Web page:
The week after the Orlando terrorist attack, we are told, is no time for a debate on gun control.
Expanding the list of people who cannot legally own guns or tightening background checks would not have stopped this particular tragedy.
Omar Mateen, an American citizen inspired by some combination of radicalism and hate to kill 49 people at a gay nightclub, was not on a terrorist watch list.
Better background checks may not have stopped Mateen; he also didn’t have a criminal record. So he legally purchased an AR-15 assault rifle and a Glock handgun at a St. Lucie gun store, weapons he used to murder.
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Yet, if assault weapons were banned, he might have used other kinds of guns. If the government mandated smart guns, Mateen’s fingerprints would still have allowed him to pull the trigger, because he was the legitimate owner of the weapons he used for his slaughter.
The National Rifle Association and other extremists use a form of this jujitsu every time a mentally ill person or a hater uses the efficient killing machines known as guns to inflict mass death.
But in an era of lone-wolf radicalization, the aftermath of a homegrown terrorist attack is exactly the time to talk about sensible limits on gun ownership. After Sandy Hook would have been the right time.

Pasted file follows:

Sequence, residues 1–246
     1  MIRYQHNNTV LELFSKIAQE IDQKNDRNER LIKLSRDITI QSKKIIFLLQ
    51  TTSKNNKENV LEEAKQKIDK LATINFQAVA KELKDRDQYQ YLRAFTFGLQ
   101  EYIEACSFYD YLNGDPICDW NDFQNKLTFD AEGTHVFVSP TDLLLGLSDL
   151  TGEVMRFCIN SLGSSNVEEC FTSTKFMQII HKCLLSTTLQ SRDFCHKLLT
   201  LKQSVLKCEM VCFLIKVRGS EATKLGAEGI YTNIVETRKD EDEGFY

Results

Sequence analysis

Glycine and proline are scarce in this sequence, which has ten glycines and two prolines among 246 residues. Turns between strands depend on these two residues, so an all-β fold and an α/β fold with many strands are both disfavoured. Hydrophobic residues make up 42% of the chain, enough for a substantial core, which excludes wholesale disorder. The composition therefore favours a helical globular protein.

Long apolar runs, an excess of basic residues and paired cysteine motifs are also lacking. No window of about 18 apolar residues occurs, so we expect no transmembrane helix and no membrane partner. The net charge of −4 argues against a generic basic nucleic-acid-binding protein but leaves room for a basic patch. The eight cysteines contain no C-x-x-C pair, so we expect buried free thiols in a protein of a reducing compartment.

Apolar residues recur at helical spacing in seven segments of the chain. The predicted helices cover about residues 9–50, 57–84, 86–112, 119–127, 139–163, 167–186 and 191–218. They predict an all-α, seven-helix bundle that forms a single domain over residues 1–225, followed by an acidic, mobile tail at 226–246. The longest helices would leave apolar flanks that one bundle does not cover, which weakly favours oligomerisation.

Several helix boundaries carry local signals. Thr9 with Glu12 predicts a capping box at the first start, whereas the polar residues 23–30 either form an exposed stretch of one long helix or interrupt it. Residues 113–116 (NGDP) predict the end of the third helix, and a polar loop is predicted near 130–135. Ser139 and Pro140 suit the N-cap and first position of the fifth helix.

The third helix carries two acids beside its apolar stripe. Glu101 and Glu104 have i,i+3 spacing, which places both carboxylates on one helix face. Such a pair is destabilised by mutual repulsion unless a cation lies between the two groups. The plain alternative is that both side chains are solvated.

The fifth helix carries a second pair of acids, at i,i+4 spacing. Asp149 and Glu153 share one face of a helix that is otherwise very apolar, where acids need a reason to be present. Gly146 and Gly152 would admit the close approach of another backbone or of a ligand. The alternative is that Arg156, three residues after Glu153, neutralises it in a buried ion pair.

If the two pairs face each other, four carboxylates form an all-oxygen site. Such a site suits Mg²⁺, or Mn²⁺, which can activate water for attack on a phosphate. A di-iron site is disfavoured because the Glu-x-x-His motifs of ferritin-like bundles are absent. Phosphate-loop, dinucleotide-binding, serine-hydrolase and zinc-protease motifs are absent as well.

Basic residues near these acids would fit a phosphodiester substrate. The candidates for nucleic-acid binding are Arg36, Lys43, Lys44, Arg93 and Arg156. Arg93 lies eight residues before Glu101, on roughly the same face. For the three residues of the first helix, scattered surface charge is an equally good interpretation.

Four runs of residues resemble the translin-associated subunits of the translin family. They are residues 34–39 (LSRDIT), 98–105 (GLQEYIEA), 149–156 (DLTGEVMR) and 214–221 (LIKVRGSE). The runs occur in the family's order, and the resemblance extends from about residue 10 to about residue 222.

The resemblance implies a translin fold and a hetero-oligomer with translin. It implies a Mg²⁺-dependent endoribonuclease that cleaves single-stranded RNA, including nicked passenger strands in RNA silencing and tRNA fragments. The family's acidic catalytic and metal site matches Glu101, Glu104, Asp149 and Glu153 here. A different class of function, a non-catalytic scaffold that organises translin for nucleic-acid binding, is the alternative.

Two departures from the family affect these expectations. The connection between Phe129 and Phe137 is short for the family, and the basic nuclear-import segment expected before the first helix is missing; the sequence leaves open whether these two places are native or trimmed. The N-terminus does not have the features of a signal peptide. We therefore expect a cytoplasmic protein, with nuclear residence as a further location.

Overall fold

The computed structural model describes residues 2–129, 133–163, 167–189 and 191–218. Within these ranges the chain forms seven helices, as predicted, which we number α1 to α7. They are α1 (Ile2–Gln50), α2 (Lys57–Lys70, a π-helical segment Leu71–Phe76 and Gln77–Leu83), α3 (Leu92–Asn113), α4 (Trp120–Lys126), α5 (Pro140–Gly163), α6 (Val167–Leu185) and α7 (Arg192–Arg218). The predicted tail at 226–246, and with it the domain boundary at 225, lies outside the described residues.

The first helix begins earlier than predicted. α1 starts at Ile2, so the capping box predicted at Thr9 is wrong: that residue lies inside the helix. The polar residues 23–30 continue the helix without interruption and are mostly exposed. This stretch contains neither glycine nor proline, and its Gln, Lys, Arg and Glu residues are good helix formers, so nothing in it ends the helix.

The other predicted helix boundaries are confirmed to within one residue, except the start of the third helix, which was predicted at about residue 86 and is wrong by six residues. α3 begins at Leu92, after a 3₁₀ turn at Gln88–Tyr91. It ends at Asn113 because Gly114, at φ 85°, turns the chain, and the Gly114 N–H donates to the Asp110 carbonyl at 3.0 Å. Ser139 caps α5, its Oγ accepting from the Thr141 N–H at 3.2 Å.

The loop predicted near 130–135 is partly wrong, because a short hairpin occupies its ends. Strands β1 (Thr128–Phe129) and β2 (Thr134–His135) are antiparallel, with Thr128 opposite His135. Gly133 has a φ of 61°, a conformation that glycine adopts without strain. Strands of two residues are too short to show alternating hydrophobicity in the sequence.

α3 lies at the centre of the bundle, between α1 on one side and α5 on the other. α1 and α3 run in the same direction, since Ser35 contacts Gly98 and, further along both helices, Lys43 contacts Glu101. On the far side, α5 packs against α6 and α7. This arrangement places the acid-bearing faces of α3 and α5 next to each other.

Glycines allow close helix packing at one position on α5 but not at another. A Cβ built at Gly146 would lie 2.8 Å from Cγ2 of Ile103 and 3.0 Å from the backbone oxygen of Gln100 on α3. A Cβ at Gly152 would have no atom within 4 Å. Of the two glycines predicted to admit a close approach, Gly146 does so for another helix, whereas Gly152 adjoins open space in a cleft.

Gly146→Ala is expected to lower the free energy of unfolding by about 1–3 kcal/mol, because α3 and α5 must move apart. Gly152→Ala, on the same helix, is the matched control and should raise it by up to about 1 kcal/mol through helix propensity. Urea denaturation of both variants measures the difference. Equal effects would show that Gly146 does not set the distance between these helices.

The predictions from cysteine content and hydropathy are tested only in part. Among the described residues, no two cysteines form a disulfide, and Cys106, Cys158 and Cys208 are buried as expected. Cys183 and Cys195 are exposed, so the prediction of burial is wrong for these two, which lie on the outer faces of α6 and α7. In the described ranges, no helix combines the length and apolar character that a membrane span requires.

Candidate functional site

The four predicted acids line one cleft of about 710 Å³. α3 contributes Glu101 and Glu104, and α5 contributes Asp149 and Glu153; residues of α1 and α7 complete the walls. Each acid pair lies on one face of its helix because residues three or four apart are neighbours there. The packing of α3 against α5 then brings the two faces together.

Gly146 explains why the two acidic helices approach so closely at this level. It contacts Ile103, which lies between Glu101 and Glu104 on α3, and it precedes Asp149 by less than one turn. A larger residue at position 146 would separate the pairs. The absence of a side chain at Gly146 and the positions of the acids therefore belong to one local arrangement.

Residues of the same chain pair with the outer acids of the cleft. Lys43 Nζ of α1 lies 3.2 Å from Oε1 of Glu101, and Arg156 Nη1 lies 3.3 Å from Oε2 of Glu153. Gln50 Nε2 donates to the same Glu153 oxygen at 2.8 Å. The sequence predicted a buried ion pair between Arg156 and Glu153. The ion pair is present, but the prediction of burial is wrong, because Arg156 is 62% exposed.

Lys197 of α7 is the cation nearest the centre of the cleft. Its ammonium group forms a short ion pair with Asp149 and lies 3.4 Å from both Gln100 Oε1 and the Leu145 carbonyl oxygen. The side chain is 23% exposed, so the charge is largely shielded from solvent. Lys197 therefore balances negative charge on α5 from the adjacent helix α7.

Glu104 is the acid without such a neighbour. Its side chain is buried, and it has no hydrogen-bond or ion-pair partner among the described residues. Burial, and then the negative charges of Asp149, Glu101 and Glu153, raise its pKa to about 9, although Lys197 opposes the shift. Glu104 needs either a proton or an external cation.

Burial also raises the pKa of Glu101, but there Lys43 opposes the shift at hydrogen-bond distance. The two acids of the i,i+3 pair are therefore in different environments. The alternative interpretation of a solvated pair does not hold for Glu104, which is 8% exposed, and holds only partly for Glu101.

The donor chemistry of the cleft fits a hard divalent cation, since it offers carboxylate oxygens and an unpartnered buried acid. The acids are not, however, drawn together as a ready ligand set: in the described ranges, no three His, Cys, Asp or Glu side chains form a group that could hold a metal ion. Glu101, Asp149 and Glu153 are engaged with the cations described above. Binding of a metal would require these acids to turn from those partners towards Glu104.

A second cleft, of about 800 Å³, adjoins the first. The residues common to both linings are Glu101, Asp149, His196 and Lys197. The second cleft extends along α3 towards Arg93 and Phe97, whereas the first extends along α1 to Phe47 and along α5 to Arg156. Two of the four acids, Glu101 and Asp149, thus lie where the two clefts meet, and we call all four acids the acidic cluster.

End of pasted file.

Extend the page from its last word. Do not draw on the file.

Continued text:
After Umpqua would have been the right time. Headline-grabbing mass shootings remind us of how good guns are at killing people.
They also remind us — or should — that a rational government would regulate such dangerous products, just as it regulates cars, pharmaceuticals and other more useful things.
Of course, the government cannot legislate an end to gun violence. But it can take measures that would reduce gun violence without infringing on constitutional rights.
Congress is debating ways to end gun sales to suspected terrorists, a policy that lawmakers realize must come with due-process protections for those under suspicion. Even if it would not have prevented Orlando, this reform might force the next homegrown terrorist to work harder to find his firearms, raising attention as he does, or to give up.
Another proposal would deny guns to people who have misdemeanor hate-crime convictions, which poses fewer due-process issues.
But these ideas are hardly the only, or the most important, gun-control reforms that lawmakers should be considering.
Research increasingly shows that universal background checks could help cut gun violence; without them, merely adding to the list of people who cannot legally own guns is not as effective.
Requiring safeguards such as fingerprint readers, meanwhile, would stop children and suicidal family members from shooting themselves or others with a weapon stored at home.
Banning high-capacity magazines would at least force mass murderers to reload more often.
If Congress unleashed the Centers for Disease Control and Prevention to study gun violence, the government would have the data to know which set of policies would work best and which ideas would less usefully restrict gun ownership.
Tragedies would still happen, and the NRA would still argue that the rules are useless.
But, over time and on average, fewer people would die. That is a legitimate goal.
This editorial first appeared in the Washington Post.